Now that the Court Challenges Are Over, The Cracks In Obamacare Come Into Focus

July 14th, 2015

Shortly after King v. Burwell was decided, I noted that now that the Chief Justice has effectively put on ice any future challenges to Obamacare, the law will, at last, have to stand on its own two feet–and it would be quite wobbly. Obamacare’s biggest challenge is Obamacare. Two stories from the past week shine a light on these fissuring cracks.

First Slate (of all places) writes of Obamacare’s skyrocketing premiums. It begins:

Now that the Supreme Court has once again saved Obamacare, can we have an honest talk about it?

Yes. While the challenges to the law were pending, supporters dare not say anything negative, lest it get in the way of the Chief’s Justice’s resurrection of the bill no one read. But now, we can have that “honest talk.”

The bill for the health care expansion is coming due, just as the recipients will be heading to the ballot box to vote in the first primaries for the 2016 election. More than a few are likely to be annoyed.

Last week Oregon’s insurance commissioner, Laura Cali, announced that the state had approved a 25 percent premium increase for the largest health insurer on the state’s exchanges. The second largest insurer did even better: It received permission to boost its monthly charge to consumers by 33 percent.

Oregon might be the first health insurance exchange equivalent of a penguin getting shoved off an ice floe, but it won’t be alone in the freezing-cold waters for long. For example, BlueCross BlueShield of Tennessee requested an average 36 percent price increase for the plans it offers—after receiving a 19 percent bump last year. And that sounds like a relative bargain compared with Minnesota and New Mexico, where the BlueCross BlueShield family is looking for increases of more than 50 percent. Even if the final numbers are lower than the asks, it seems quite likely these states will approve substantive premium increases.

The problem is simple. As Trudy Lieberman reported this month in Harper’s, the ACA made a decent stab at solving the problem of Americans lacking insurance. Unfortunately, the bargain struck to get the bill to a point where lobbyists for the hospital, insurance, and pharmaceutical industries to sign on, or at least not fight it, did not adequately address the issue of overall medical costs.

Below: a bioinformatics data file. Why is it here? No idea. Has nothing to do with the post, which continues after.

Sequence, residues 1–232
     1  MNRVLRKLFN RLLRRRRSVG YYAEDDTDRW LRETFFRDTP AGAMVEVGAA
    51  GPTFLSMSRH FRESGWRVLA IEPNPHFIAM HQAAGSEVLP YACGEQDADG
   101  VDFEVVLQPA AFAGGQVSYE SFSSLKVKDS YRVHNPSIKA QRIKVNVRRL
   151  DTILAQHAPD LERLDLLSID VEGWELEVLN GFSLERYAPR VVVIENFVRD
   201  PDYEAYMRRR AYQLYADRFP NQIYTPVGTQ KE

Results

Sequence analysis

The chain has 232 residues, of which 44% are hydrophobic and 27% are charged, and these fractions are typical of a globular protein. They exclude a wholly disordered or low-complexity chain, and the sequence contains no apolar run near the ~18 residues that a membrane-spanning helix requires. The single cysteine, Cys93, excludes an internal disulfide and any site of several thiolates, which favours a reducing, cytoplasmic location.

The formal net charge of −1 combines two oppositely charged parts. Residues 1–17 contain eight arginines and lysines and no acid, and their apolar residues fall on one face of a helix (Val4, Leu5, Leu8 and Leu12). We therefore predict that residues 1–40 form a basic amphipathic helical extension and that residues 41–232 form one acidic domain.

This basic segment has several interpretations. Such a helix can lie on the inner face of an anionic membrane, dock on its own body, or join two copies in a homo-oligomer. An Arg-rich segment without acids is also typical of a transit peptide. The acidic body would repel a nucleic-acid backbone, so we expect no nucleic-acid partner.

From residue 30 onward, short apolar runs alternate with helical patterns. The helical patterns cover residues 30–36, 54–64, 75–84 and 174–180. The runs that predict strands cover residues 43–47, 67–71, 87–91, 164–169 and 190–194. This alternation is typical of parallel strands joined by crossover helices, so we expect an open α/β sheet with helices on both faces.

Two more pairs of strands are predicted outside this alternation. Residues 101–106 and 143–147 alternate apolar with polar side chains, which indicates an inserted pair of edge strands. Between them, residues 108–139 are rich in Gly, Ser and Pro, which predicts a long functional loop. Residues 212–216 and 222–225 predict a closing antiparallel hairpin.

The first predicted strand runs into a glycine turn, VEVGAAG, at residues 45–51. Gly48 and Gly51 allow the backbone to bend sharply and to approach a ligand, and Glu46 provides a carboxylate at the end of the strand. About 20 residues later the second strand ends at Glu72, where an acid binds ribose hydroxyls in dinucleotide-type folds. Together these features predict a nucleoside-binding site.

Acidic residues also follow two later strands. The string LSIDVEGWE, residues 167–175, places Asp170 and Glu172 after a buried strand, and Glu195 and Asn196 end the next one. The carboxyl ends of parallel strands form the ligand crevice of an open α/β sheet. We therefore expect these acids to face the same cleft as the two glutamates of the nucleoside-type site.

Yes, the ACA was a series of bargains. It was not, as the Chief Justice inaptly reduced it, all about “improving” health care markets. There were many competing interest at stake. One of the biggest compromises was to do little-to-nothing to actually control costs. And now, costs continue to rise. And for those ineligible for subsidies, premiums may rise so high it becomes no longer worth it to buy insurance. Yes, we are not out of the woods.

In the meantime, you shouldn’t need a political consultant to tell you why consumers paying hundreds of dollars—or even more than $1,000 a month—for health insurance they are required to buy and often can’t afford to use might well get angry. Once you name something the Affordable Care Act, people oddly expect the product on offer to be affordable. Who’d have thunk it?

Second, The Hill Reports that Lobbyists are launching a full-frontal assault on the “Cadillac Tax” which goes into effect in 2018.

A coalition of K Street health giants are teaming up to fight the ObamaCare tax on high-cost insurance plans known as the “Cadillac tax.”

The newly launched campaign, called the Alliance to Fight the Forty, includes more than a dozen pharmaceutical companies, insurance plans and unions including Pfizer, Blue Cross Blue Shield and the Laborers International Union.

The group, led by the American Benefits Council, filed a lobbying registration Friday afternoon.Efforts to fight the Cadillac tax have amplified in the wake of a recent Supreme Court ruling affirming the Affordable Care Act late last month. With no major court challenges remaining against the law, lobbyists are redoubling their efforts to peel back particularly unfavorable provisions.

I’ve written at great length about the Cadillac Tax. Long story short, it imposes a 40% excise tax on most generous health insurance plans (including my own). It will result in two-thirds of businesses taking steps to avoid the tax, nearly 90% of employer-sponsored plans being cancelled, and employees being put onto the Obamacare exchanges. Of course businesses want to stop this. But they can’t.

Can’t we just get rid of it? The Obama Administration insists they will veto it for one simple reason. Even with CBO’s voodoo math, the only way to score this behemoth as budget neutral was to account for the billions of dollars the cadillac tax would bring in. If the Cadillac Tax is eliminated, where is that revenue going to come from? The negative economic impact of Obamacare will skyrocket.

This morning the New York Times used this sentence to describe the President’s proposed deal with Iran.

“Mr. Obama will be long out of office before any reasonable assessment can be made as to whether that roll of the dice paid off.”

I think this sentiment describes so much of what has happened since 2009. The benefits can only be judged in the long-term. The President has prematurely taken a victory lap and spiked the football. The real challenges begin as his term winds down.